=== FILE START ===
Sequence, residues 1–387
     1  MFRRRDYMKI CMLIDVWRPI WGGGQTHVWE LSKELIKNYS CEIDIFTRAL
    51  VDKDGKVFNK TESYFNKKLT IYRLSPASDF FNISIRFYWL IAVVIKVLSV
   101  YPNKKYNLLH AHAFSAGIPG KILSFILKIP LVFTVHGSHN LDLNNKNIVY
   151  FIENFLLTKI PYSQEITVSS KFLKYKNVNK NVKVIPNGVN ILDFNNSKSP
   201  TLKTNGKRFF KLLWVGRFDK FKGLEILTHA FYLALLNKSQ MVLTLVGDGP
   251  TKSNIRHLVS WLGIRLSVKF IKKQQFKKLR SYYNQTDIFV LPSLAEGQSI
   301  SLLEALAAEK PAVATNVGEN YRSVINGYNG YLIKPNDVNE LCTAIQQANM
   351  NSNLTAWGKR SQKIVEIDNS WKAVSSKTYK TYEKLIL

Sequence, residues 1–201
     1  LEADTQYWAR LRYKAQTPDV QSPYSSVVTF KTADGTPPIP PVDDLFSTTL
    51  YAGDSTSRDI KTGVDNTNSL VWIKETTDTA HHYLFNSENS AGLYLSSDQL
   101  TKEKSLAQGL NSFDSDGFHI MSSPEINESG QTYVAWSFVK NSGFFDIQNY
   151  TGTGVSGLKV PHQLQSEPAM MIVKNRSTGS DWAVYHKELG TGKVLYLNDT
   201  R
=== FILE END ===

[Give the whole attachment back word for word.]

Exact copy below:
Sequence, residues 1–387
     1  MFRRRDYMKI CMLIDVWRPI WGGGQTHVWE LSKELIKNYS CEIDIFTRAL
    51  VDKDGKVFNK TESYFNKKLT IYRLSPASDF FNISIRFYWL IAVVIKVLSV
   101  YPNKKYNLLH AHAFSAGIPG KILSFILKIP LVFTVHGSHN LDLNNKNIVY
   151  FIENFLLTKI PYSQEITVSS KFLKYKNVNK NVKVIPNGVN ILDFNNSKSP
   201  TLKTNGKRFF KLLWVGRFDK FKGLEILTHA FYLALLNKSQ MVLTLVGDGP
   251  TKSNIRHLVS WLGIRLSVKF IKKQQFKKLR SYYNQTDIFV LPSLAEGQSI
   301  SLLEALAAEK PAVATNVGEN YRSVINGYNG YLIKPNDVNE LCTAIQQANM
   351  NSNLTAWGKR SQKIVEIDNS WKAVSSKTYK TYEKLIL

Sequence, residues 1–201
     1  LEADTQYWAR LRYKAQTPDV QSPYSSVVTF KTADGTPPIP PVDDLFSTTL
    51  YAGDSTSRDI KTGVDNTNSL VWIKETTDTA HHYLFNSENS AGLYLSSDQL
   101  TKEKSLAQGL NSFDSDGFHI MSSPEINESG QTYVAWSFVK NSGFFDIQNY
   151  TGTGVSGLKV PHQLQSEPAM MIVKNRSTGS DWAVYHKELG TGKVLYLNDT
   201  R